SEP Client Groups
Within the SEPM console, SEP clients are logically organized into Client Groups. For example, there can be server and/or workstation client groups. SEP policies are applied to Client Groups.
Auto-Location Switching can be used to further subdivide the SEP clients in a client group by criteria, such as the ability to connect to the SEP Management server or the SEP client’s DNS server, IP address, subnet, etc.
In this case there are three locations:
Note: You can add as many subnets as you have branch offices.
Note: This location matches all locations that are not evaluated in the Corp and Branch locations.
Each location has its own set of policies. The Integrations Policy is the SEP policy used to configure connectivity to WSS.
The Corp location has no Integrations Policy. Therefore, no PAC file will be set and all traffic will go through the firewall/VPN connection.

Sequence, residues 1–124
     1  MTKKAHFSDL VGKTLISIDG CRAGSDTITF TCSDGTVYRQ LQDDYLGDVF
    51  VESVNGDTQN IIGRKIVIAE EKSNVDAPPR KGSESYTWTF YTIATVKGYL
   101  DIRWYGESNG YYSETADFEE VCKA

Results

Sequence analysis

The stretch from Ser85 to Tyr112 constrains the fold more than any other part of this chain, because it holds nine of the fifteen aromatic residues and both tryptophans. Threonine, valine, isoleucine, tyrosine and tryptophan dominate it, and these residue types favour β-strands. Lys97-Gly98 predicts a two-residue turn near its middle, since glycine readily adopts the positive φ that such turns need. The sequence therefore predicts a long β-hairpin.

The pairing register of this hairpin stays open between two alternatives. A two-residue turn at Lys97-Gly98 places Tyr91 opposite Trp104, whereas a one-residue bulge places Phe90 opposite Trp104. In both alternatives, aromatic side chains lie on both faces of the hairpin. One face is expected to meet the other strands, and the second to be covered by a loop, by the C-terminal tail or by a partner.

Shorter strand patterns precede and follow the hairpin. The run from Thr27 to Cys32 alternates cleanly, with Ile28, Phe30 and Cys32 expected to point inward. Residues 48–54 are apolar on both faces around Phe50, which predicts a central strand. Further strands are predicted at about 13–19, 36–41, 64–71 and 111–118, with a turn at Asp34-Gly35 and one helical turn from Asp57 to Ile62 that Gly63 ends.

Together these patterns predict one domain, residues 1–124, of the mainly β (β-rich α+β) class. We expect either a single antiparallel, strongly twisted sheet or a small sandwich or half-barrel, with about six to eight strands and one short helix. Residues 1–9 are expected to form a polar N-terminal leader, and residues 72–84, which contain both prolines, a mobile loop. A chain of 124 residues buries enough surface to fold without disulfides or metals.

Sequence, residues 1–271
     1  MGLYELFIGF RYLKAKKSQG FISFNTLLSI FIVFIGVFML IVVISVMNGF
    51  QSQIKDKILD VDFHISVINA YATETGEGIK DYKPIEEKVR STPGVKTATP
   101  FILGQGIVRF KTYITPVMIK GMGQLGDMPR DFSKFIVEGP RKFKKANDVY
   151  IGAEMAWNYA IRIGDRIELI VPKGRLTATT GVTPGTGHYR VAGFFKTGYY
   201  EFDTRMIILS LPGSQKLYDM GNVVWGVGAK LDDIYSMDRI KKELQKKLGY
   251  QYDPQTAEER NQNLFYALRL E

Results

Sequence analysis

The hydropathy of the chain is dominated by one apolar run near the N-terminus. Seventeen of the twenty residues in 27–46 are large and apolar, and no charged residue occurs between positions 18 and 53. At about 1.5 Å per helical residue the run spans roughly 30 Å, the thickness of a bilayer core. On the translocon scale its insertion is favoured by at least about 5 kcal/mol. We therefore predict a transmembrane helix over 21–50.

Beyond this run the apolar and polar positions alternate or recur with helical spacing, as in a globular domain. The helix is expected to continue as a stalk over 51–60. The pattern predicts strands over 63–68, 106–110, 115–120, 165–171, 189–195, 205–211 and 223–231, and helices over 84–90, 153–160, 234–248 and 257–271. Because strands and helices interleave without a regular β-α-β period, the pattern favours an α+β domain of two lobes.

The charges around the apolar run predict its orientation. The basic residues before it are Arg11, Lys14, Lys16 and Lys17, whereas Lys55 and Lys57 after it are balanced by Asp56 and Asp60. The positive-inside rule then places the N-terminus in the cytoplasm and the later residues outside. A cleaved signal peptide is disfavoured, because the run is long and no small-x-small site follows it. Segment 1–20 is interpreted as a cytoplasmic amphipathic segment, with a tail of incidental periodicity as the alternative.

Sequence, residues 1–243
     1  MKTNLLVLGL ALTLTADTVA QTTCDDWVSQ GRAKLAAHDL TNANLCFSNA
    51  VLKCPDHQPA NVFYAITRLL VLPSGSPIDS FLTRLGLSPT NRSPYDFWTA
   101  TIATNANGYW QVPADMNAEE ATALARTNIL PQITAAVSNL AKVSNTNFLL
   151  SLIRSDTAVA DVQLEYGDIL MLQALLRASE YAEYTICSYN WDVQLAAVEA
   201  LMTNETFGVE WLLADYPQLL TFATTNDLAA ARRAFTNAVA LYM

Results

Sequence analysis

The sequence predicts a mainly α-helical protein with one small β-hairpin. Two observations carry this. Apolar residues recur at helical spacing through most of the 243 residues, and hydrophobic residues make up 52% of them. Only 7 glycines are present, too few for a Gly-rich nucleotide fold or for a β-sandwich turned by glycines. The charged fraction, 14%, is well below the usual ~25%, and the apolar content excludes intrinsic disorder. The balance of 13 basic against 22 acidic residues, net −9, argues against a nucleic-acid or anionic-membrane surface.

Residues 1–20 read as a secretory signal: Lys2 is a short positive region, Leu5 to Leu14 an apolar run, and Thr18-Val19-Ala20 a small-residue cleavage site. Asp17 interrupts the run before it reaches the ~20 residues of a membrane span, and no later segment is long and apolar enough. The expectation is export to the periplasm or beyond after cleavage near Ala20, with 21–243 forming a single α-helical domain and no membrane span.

- Requirement 1: Location has to be created for the Corp site.
- Requirement 2: The firewall has to be configured to allow a Firewall/VPN connection to WSS.
- Option 1: Enable Captive Portal (A Firewall/VPN Authentication Policy has to be created for the Corp site).
The branch location uses the Workstations Integrations Policy – Branch policy.
- Requirement 1: A Location has to be added for each branch office in the WSS portal.
- Requirement 2: An Explicit Proxy Authentication Policy has to be created for each branch location. Captive Portal has to be enabled in WSS portal.
The Workstations Integrations Policy – Branch policy is configured to use https://portal.threatpulse.com/pac.
The Roaming location uses the Workstations Integrations Policy – Roaming policy.
- Requirement 1: Roaming Captive Portal has to be enabled in WSS portal.
The Workstations Integrations Policy – Roaming policy is configured to use https://portal.threatpulse.com/roaming.
How It All Works
If the user logs onto their computer and the computer is on the corporate network, the SEP client will be able to connect to the SEPM server. The SEP client will set automatically set the location to “Corp”. When the location is set to Corp there is no Integration policy applied and all web traffic will be directed to WSS by the Firewall/VPN connection.